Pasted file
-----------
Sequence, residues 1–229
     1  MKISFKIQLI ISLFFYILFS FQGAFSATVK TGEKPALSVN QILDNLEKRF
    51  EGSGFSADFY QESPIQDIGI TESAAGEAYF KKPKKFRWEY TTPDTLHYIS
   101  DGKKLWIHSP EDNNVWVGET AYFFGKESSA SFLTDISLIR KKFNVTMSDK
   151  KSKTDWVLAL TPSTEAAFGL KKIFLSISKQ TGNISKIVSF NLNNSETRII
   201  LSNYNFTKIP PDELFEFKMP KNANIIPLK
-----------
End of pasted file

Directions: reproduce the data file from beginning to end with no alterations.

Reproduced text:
Sequence, residues 1–229
     1  MKISFKIQLI ISLFFYILFS FQGAFSATVK TGEKPALSVN QILDNLEKRF
    51  EGSGFSADFY QESPIQDIGI TESAAGEAYF KKPKKFRWEY TTPDTLHYIS
   101  DGKKLWIHSP EDNNVWVGET AYFFGKESSA SFLTDISLIR KKFNVTMSDK
   151  KSKTDWVLAL TPSTEAAFGL KKIFLSISKQ TGNISKIVSF NLNNSETRII
   201  LSNYNFTKIP PDELFEFKMP KNANIIPLK